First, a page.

It was an honour to present our resolution on stage alongside thought leaders like Lise Kingo, Eileen Fisher and Livia Firth and I hope our resolution will help others in the industry wake-up to the urgent for change. From the all the speakers, the message I took from the summit was the time for action is now.

Read our full resolution below;

1. Expects the fashion industry to begin immediately working with non-profit initiatives and government groups to reduce inequality, alleviate poverty and ensure food security, with progress made by 2030, including through:

(a) helping to reduce inequality by reinvesting 0,7% of annual sales to support local manufacturing communities;

b) providing all workers with access to free health insurance, day care facilities, a meal a day and professional training;

c) suggesting governments and industry leaders enforce sustainable agricultural practices to help ensure food security by increasing the share of organic polyculture farming by 50%;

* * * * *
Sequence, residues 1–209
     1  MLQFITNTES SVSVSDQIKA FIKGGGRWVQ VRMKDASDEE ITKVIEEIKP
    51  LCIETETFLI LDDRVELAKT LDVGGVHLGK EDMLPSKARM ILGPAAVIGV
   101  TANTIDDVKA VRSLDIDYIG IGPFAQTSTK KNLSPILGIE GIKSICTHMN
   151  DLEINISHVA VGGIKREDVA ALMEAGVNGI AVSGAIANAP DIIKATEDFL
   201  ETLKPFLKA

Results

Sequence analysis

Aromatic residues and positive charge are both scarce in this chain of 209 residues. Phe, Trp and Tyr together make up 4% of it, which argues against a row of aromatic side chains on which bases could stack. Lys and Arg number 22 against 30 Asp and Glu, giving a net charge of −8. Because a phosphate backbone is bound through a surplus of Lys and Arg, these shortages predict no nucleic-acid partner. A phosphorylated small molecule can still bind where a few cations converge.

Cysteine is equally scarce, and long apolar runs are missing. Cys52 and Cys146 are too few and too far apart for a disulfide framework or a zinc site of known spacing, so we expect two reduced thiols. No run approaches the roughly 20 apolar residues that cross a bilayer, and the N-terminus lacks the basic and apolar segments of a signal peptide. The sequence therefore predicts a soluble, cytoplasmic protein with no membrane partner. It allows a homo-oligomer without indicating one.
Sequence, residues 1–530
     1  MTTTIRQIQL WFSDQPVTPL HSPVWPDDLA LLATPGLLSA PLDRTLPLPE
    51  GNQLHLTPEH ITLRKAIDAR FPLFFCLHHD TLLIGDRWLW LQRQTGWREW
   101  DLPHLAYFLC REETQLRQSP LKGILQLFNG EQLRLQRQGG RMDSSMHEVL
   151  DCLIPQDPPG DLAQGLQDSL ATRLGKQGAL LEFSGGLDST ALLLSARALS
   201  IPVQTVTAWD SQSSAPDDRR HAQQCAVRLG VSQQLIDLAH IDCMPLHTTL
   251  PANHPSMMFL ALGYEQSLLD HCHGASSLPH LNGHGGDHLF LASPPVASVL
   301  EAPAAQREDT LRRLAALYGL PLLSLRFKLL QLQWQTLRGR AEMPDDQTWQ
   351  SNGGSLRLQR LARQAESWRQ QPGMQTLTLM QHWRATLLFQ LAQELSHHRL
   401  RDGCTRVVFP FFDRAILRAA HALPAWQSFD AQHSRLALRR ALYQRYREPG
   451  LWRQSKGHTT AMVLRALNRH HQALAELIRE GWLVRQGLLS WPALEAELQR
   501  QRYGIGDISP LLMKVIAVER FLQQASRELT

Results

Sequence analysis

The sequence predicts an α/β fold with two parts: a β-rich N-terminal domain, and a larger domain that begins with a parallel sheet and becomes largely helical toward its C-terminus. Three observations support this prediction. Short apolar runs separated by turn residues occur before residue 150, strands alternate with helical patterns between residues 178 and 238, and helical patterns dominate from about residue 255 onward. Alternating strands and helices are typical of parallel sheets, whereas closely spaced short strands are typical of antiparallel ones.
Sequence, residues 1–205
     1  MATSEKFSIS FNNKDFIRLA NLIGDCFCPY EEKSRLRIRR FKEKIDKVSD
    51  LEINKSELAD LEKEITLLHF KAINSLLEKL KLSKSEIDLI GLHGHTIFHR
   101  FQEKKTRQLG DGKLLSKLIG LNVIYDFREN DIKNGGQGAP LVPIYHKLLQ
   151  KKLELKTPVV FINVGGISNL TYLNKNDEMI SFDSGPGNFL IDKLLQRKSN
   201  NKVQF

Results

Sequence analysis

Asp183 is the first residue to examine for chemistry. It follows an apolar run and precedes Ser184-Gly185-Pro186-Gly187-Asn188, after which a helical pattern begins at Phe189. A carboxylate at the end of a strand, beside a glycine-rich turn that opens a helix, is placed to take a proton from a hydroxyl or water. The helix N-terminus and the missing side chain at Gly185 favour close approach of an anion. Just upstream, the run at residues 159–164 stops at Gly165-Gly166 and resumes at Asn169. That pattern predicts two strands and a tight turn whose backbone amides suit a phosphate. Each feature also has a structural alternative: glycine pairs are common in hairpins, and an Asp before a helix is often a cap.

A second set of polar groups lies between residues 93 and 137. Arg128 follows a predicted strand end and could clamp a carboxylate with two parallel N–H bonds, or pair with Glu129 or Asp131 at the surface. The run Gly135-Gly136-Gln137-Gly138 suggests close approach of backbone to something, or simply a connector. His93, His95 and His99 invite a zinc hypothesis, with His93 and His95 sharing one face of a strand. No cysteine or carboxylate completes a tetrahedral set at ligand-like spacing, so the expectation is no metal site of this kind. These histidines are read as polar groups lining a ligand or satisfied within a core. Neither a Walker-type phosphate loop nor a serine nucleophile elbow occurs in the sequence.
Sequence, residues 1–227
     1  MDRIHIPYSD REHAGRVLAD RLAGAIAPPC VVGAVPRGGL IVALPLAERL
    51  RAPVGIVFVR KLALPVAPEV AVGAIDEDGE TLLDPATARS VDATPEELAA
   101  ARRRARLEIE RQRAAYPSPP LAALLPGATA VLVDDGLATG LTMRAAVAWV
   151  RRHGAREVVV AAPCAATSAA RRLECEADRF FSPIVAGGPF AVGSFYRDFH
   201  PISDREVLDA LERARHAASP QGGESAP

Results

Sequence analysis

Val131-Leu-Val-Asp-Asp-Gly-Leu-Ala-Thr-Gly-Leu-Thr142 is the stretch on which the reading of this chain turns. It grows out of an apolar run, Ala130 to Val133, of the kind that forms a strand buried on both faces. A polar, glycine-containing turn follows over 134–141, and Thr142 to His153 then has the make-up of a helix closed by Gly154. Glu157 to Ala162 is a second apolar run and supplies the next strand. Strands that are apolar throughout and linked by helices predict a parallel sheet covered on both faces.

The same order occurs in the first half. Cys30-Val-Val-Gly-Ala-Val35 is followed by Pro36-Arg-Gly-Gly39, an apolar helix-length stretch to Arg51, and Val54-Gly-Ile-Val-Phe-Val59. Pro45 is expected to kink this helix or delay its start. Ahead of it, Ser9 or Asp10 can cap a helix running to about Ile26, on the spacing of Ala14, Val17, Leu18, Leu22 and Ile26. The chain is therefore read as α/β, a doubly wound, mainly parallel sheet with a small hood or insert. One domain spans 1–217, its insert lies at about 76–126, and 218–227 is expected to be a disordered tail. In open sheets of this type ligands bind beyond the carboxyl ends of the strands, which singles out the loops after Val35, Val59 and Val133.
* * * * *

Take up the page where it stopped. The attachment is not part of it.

2. Urges all stakeholders in the fashion industry to establish global and local partnerships to make the world a more equitable, just and peaceful place, by:

(a) requesting all stakeholders to collaborate on breaking existing barriers between people, companies and member states to enable a flow of sustainable progress;

(b) welcoming the UN to develop a full sustainability report by 2020 that provides a holistic evaluation of the fashion industry, measuring performance not only in relation to monetary value;